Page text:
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an engine was put in hand to power a new open GT1 two-seater, the LMP 2000. On November 28, 1998, Porscheannounced at its annual motorsports gathering that it wouldnot compete in 1999 but would have a new racer ready forthe 2000 season. “We decided to stop for one year,” saidHorst Marchart, “and develop a complete new car.”Ampferer had recent experience to draw upon: the V-10 of3.5 liters that he’d built and tested to take the place of theType 3512 V-12 supplied to the Footwork Arrows team. Hisengineers, led by Thomas Ludenbach, scaled up the conceptof this engine to 5.5 liters, keeping the 68-degree vee anglethat they’d used with the earlier unit. This angle had beendetermined as the optimum after an extensive series of ana-lytical studies of bank-angle options and 16 different firingorders. That it was not identical to the 72-degree spacing ofthe crankshaft’s big-end throws proved irrelevant in practice.Twin overhead cams for each cylinder bank were gear-driven and opened four valves per cylinder. The V-10’s maincastings were aluminum, using a Nikasil coating directly onthe cylinder bores. The cylinders were cast integrally with theblock to keep the engine as short as possible—22½ incheslong—and also stiff enough to be used as the rear portion ofthe frame.Much like Honda’s Formula OneV-12, the new Porsche ten groupedits pumps and accessories in a casethat extended across the front of thecrankcase below the crankshaft nose,whence its train of gears was turned.A single water pump on the rightside served both cylinder banks. Theleft-hand bank was offset forward ofits mate to accommodate the side-by-side titanium connecting rods.Butterfly throttles controlled theMotronic-generated mixture to anengine capable of revving to 10,000rpm and producing 680 horsepower.For the rest of the LMP 2000Ampferer’s crew had drivetrain andsuspension componentry that wascarried over, with improvements,from the GT1/98. Britain’s Lola Com-posites produced a new carbon-fiberframe tub to Porsche’s designs, whileNorbert Singer went back to the tun-nel to develop an open body—alsoin carbon fiber—with marked bulgesover its wheelhouses.Although the program sufferedsome delays, a prototype LMP 2000was ready for tests at Weissach by the beginning of Novem-ber 1999. Among its first testers were Allan McNish andBob Wollek, the latter calling it “an excellent car.” All thatremained was to marry it to Porsche’s unmatched 24-hour-racing expertise and subject it to Weissach’s rough roads androllers and the long grinds around Paul Ricard. But this wasnot to be. On November 21 Porsche announced that the proj-ect would be halted. This was a “business decision,” it said,driven by the need to concentrate all engineering resources onthe development of its Cayenne.Cancellation of the LMP 2000 was a stunning disappoint-ment, wrote Mike Cotton. “Many people working at Weissachhave been betrayed by Dr. Wiedeking’s ‘U’-turn on motor-sport,” he said, “not least the dozens of engineers and techni-cians who have put their hearts and souls into the creation ofa new challenger, a vehicle that might well have beenPorsche’s 17th Le Mans winner.” Were Ferry Porsche still liv-ing, Cotton speculated, the promise of a year earlier wouldnot have been broken. In the two years since Ferry’s death,the Briton thought, “Porsche AG has become a vastly differentcompany to the one he knew, in which the accountants havefinally triumphed over the engineers. In 1999, it seems, profitcomes before pride.”Cotton was not alone in judging this decision harshly. Pop-ular and TV-friendly Supercup races were all very well, butPorsche’s friends and allies were accustomed to see it jousting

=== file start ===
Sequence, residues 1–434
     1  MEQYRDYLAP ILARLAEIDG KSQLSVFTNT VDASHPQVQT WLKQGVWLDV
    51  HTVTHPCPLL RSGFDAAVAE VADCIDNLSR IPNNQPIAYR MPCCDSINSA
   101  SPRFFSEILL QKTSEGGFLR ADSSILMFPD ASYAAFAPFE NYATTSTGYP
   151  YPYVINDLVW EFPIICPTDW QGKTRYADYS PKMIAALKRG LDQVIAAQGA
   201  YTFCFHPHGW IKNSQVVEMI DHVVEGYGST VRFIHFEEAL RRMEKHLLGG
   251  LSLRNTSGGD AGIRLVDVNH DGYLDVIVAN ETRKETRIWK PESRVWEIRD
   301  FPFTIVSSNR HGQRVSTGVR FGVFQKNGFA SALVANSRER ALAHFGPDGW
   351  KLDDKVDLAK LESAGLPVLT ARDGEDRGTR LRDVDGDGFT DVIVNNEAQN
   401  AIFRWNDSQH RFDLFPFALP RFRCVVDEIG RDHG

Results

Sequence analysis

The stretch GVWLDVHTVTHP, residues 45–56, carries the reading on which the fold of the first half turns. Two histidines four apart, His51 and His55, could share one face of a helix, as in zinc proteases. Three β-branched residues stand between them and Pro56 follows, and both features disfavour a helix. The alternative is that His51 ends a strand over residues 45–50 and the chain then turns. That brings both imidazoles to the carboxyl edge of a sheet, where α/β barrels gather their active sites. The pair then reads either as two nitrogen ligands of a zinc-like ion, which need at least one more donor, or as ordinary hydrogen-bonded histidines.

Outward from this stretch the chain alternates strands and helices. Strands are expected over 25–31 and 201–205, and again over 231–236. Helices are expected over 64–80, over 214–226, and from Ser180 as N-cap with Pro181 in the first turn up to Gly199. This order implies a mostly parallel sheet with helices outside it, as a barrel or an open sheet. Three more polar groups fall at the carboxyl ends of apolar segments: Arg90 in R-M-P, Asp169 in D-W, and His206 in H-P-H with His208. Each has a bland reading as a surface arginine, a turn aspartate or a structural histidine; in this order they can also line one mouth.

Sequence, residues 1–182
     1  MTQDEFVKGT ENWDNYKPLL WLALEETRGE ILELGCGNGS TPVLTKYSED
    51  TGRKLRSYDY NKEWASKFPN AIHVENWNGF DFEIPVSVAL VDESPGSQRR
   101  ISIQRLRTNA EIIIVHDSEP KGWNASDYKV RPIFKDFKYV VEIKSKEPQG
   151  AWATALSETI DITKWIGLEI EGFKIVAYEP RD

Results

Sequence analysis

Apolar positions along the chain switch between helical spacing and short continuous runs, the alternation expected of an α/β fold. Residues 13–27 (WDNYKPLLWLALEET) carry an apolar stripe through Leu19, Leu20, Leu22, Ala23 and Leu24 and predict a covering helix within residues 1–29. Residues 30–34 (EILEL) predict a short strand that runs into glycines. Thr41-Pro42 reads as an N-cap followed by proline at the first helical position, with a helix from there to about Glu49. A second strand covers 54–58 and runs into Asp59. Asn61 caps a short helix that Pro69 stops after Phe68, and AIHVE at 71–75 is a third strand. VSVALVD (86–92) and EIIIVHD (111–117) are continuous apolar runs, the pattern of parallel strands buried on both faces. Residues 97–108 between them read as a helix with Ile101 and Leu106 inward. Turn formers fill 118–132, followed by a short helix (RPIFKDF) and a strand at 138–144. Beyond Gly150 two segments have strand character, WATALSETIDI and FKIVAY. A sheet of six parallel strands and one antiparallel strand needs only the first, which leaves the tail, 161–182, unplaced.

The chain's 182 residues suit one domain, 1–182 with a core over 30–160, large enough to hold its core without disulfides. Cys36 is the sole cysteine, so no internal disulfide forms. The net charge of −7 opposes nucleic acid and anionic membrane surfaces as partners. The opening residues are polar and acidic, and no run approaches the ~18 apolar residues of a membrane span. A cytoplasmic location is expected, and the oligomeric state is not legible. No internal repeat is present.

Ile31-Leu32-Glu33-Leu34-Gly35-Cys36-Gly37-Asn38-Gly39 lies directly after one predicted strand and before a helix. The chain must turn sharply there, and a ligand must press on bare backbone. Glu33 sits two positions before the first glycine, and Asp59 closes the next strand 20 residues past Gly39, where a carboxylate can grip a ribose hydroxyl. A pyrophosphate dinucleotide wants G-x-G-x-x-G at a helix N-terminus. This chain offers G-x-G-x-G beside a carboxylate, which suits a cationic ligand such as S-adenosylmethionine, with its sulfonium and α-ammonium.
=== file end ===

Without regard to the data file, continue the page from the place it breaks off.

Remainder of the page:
Early development work on the engine intended for the Carrera GT wasconducted on the LMP 2000’s four-camshaft V-10. The final engine wasupsized in capacity from 5.5 to 5.7 liters.